American Airlines Considers Airbus A321XLR As A 757 Replacement

Rumors have been circulating recently that American Airlines is looking at the Airbus A321XLR to replace its aging 34 Boeing 757-200 jets. This speculation has come in advance of the Paris Air Show – an event that often sees many airline announcements regarding new aircraft orders.

The 757 fleet of American has an average age of 19 years. Photo: Wikimedia Commons

Widely known as the world’s largest airline, American Airlines have been using the Boeing 757 for many years. Their fleet has an average age of 19 years. The single-aisle plane is in a 16-business, 166-economy seat configuration with American, and is powered by two Rolls-Royce RB211 engines.

The replacements

According to a Bloomberg news article, many are expecting Airbus to launch the A321XLR at the Paris Air Show, taking place on June 17th to the 23rd. The aircraft would be an even longer-range variant of the A321LR, which of course is a longer-range variant of the A320neo.

The new Airbus model, if announced, would be designed to compete with the highly anticipated Boeing 797, which is also yet to be officially announced. However, Simple Flying has some ideas about what it will look like and when it will be announced.

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Many airlines are reported to have an interest in the A321XLR. News has come out recently that United Airlines could replace its own 757 fleet with the XLR. In fact, India’s IndiGo, British Airways parent group IAG, and JetBlue have also expressed interest in the XLR.

The routes

As airlines identify fuel consumption as a major factor in profitability, aircraft range and efficiency are becoming more important than ever. A key feature of the Boeing 757 was its size in combination with the ability to fly long routes that had low capacity. The 797 or A321XLR would have that same “middle of the market” capacity but utilize the latest technological advancements to make flights highly fuel efficient.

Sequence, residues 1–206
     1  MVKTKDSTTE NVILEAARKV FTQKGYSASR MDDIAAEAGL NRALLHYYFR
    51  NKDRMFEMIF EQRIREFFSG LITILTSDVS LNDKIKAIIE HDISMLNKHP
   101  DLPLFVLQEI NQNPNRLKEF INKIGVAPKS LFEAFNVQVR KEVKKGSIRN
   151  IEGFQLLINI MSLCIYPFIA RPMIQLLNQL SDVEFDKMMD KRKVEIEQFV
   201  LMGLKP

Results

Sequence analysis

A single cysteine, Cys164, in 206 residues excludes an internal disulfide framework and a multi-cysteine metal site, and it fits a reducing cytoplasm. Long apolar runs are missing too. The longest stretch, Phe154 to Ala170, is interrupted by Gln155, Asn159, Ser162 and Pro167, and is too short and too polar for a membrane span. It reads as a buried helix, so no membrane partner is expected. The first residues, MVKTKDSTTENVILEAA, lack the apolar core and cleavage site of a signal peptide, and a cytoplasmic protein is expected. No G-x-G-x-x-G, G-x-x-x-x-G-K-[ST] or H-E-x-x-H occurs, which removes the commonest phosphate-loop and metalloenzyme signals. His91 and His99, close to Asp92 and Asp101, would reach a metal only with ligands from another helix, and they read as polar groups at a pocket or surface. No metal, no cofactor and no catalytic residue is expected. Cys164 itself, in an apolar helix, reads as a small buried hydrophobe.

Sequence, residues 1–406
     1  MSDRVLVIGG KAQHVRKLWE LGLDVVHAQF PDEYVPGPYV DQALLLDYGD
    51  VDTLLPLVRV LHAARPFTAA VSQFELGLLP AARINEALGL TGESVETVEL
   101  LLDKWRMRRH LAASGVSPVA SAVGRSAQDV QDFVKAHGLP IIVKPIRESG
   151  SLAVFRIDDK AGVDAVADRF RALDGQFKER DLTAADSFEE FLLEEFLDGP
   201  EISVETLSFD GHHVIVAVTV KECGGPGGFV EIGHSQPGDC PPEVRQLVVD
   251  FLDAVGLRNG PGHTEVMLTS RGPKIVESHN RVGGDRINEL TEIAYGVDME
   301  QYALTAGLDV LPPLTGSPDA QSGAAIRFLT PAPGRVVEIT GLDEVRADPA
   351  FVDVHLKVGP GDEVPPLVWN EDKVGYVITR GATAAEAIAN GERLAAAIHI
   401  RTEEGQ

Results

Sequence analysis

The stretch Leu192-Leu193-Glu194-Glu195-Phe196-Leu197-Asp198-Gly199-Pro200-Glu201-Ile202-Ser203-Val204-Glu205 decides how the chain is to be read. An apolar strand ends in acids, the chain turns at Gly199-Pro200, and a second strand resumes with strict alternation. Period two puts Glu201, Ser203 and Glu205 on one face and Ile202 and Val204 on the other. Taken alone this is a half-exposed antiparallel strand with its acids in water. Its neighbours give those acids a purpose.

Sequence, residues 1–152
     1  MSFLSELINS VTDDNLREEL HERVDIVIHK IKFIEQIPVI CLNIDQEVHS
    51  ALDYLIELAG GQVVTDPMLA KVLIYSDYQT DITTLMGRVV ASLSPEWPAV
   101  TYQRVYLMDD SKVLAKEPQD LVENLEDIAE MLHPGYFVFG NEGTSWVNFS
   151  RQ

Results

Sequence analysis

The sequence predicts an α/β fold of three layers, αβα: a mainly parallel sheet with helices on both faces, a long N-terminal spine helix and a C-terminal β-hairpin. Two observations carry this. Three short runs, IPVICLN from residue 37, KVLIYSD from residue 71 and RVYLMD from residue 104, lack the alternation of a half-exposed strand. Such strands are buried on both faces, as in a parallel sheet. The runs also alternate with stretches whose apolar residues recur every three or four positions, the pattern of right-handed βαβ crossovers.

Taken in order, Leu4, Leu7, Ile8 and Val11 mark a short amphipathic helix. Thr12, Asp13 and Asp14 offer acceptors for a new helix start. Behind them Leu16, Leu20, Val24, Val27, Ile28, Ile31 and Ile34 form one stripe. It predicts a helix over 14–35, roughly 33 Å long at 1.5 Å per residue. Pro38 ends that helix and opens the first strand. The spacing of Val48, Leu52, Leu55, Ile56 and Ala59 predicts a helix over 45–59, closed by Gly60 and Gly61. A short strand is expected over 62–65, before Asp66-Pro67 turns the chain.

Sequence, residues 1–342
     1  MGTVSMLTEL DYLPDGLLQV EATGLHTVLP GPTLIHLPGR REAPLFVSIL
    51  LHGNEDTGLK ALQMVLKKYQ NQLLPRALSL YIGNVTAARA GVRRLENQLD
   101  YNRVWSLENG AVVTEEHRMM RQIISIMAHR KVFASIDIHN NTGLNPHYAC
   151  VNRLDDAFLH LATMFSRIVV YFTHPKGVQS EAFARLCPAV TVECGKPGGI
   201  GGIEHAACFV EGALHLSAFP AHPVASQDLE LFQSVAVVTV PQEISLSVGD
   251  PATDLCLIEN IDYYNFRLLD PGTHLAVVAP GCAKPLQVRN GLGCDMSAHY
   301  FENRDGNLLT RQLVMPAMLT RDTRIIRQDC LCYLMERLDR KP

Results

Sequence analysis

Routes that American Airlines currently serves using its 757 fleet include:

  • Reykjavik-Dallas
  • Edinburgh-Philadelphia
  • Quito-Miami
  • Shannon-Philadelphia

These routes have lower demand but are a considerable distance to fly for smaller, narrowbody planes.

The Airbus A321XLR would have an even longer range than the A321LR. Photo: Clemens Fasters

A big step with American Airlines

According to sources speaking with Arabian Business, there’s no guarantee that American will actually order the XLR. Similar to JetBlue’s situation, it’s unclear whether American would place a new order or simply convert some of its existing Airbus orders to the longest-range variant. The airline still has 100 Airbus A320-family jets on order.

Despite the uncertainty of this rumor, it would certainly be a big step for American Airlines. The airline is an influential carrier in the aviation world and has been largely loyal to Boeing in recent decades. Up until 2011, American Airlines operated a mainly Boeing fleet. That was, at least, until the announcement of a 460-plane deal that would include newer versions of the A320 and the 737. The airline may be regretting the 737 portion of that order right now.

American has 34 757s in its fleet of over 900 aircraft. Photo: Wikimedia Commons

We’ll have to see what happens at the Paris Air Show in just over a week from now. What do you think? Should American Airlines go ahead with replacing their 757 fleet with the A321XLR? Or should it try and hold out for the 797?

1 comment
  1. American knows Best what suites their needs. In humble opinion, All Global Airlines should be very careful in evaluating the convenience or inconveniences they will be faced with when the B737 MAX is cleared by BOEING, FAA, EASA, and other World Aviation Authorities, especially in regards to the passengers receptiveness in flying this aircraft that, from day one had known and hidden structural defects. A sensor or chip is the quick solution, though not the most recommended. Boeing should have Stopped building these Aircrafts, until they had a Clear and Trustworthy Solution to the overall problems(Engines, Wings, etc.), to prevent future Stalls.

    As to your question on the A321XLR, this aircraft seems to be ideal aircraft today, in terms of Size, Economical and Range to replace the B757’s, and understand there are a number of Domestic and Foreign Airlines negotiating switching part of their existing A321 orders and/or placing new orders altogether with Airbus as we speak. First come First served, and
    the backlogs may be interesting to evaluate at the end of the Paris Airshow.

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